Changes in carbon stocks and greenhouse gas balance in a coffee (Coffea arabica) monoculture versus an agroforestry system with Inga densiflora, in Costa Rica

Changes in carbon stocks and greenhouse gas balance in a coffee (Coffea arabica) monoculture versus an agroforestry system with Inga densiflora, in Costa Rica

Agroforestry represents an opportunity to reduce CO2 concentrations in the atmosphere by increasing carbon (C) stocks in agricultural lands. Agroforestry practices may also promote mineral N fertilization and the use of N2-fixing legumes that favor the emission of non-CO2 greenhouse gases (GHG) (N2O and CH4). The present study evaluates the net GHG balance in two adjacent coffee plantations, both highly fertilized (250 kg N ha-1 year-1): a monoculture (CM) and a culture shaded by the N2-fixing legume tree species Inga densiflora (CIn). C stocks, soil N2O emissions and CH4 uptakes were measured during the first cycle of both plantations. During a 3-year period (6–9 years after the establishment of the systems), soil C in the upper 10 cm remained constant in the CIn plantation (+0.09 ± 0.58 Mg C ha-1 year-1) and decreased slightly but not significantly in the CM plantation (-0.43 ± 0.53 Mg C ha-1 year-1). Aboveground carbon stocks in the coffee monoculture and the agroforestry system amounted to 9.8 ± 0.4 and 25.2 ± 0.6 Mg C ha-1, respectively, at 7 years after establishment. C storage rate in the phytomass was more than twice as large in the CIn compared to the CM system (4.6 ± 0.1 and 2.0 ± 0.1 Mg C ha-1 year-1, respectively). Annual soil N2O emissions were 1.3 times larger in the CIn than in the CM plantation (5.8 ± 0.5 and 4.3 ± 0.3 kg N-N2O ha-1 year-1, respectively). The net GHG balance at the soil scale calculated from the changes in soil C stocks and N2O emissions, expressed in CO2 equivalent, was negative in both coffee plantations indicating that the soil was a net source of GHG. Nevertheless this balance was in favor of the agroforestry system. The net GHG balance at the plantation scale, which includes additionally C storage in the phytomass, was positive and about 4 times larger in the CIn (14.59 ± 2.20 Mg CO2 eq ha-1 year-1) than in the CM plantation (3.83 ± 1.98 Mg CO2 eq ha-1 year-1). Thus converting the coffee monoculture to the coffee agroforestry plantation shaded by the N2-fixing tree species I. densiflora would increase net atmospheric GHG removals by 10.76 ± 2.96 Mg CO2 eq ha-1 year-1 during the first cycle of 8–9 years.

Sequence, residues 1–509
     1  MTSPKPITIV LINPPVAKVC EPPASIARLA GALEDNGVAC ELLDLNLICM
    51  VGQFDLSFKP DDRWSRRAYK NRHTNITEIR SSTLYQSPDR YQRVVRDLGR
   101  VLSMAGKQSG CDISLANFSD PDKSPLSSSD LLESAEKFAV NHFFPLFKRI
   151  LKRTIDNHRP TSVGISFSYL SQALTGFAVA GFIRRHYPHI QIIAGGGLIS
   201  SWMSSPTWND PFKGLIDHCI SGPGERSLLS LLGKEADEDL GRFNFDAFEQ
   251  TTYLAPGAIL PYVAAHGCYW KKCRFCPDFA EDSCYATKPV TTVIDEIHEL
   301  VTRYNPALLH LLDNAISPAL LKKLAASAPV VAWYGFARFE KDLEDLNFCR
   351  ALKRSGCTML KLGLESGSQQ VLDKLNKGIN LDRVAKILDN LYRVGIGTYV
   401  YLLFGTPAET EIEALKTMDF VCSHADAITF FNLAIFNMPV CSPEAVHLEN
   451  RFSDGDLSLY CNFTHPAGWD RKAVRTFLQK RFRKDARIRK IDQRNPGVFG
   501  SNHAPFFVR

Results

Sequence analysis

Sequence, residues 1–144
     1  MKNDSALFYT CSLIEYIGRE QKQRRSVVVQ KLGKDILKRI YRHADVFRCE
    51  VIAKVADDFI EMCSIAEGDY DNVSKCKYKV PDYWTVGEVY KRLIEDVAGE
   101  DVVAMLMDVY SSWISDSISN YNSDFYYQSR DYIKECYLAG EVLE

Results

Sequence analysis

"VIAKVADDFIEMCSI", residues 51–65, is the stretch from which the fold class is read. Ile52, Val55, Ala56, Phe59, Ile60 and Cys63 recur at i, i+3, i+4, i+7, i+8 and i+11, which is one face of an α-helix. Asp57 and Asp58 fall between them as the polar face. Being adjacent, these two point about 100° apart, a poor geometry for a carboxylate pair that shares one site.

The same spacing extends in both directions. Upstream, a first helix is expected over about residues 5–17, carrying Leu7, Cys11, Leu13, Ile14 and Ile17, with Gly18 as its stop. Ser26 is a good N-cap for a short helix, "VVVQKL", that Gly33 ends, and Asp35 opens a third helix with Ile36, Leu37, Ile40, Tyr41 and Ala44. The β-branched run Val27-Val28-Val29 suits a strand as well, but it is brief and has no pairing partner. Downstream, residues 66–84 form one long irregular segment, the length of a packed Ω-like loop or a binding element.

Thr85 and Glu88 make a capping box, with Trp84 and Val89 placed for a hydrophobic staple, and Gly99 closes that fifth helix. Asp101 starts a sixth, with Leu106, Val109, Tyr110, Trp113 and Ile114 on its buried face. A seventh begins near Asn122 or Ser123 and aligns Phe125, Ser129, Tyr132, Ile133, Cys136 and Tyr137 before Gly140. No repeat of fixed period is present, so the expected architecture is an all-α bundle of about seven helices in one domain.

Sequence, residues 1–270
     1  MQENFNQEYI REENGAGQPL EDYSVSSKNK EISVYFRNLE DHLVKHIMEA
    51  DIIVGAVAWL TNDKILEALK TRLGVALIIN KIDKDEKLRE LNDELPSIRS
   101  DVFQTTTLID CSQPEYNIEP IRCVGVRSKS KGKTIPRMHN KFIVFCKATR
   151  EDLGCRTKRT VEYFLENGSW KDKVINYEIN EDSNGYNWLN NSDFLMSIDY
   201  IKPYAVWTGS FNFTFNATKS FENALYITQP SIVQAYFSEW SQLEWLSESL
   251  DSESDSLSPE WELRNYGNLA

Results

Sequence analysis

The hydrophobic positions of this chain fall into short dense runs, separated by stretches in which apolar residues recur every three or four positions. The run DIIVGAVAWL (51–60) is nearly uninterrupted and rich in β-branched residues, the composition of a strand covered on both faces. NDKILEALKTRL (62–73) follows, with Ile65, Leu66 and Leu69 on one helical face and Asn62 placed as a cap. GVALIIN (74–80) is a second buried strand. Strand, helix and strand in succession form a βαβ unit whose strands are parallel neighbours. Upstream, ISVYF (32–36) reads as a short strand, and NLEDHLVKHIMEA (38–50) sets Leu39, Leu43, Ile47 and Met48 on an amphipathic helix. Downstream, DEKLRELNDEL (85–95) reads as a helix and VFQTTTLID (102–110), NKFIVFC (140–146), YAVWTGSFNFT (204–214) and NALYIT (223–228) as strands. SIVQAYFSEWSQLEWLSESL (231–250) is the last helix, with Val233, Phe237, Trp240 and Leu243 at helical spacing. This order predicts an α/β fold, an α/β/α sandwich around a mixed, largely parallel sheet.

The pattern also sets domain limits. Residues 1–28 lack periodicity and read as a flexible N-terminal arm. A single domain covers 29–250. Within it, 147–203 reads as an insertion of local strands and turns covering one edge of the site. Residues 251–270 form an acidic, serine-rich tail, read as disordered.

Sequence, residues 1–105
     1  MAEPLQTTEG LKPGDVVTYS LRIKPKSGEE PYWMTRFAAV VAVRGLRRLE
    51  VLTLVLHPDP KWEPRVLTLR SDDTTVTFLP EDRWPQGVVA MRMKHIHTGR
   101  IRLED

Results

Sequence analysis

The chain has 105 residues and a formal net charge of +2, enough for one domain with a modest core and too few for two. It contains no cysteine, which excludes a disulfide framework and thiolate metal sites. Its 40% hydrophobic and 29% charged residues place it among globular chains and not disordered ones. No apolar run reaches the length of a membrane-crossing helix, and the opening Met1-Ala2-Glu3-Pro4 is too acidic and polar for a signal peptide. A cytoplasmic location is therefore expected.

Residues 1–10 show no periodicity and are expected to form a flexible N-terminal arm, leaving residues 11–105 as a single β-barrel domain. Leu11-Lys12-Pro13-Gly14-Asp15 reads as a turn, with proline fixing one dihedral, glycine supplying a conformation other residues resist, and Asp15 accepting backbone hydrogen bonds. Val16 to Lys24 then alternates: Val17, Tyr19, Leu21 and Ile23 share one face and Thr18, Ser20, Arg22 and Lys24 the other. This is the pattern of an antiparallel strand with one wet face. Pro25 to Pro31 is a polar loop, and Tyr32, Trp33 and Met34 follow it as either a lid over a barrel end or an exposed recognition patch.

Authors: Hergoualc'h, K.; Blanchart, E.; Skiba, U.; Henault, C.; Harmand, J.M.

Topic: carbon sequestration, climate change, soil organic matter, agroforestry

Geographic: Costa Rica

Publication Year: 2012

ISSN: 0167-8809

Source: Agriculture, Ecosystems and Environment 148: 102-110

DOI: 10.1016/j.agee.2011.11.018

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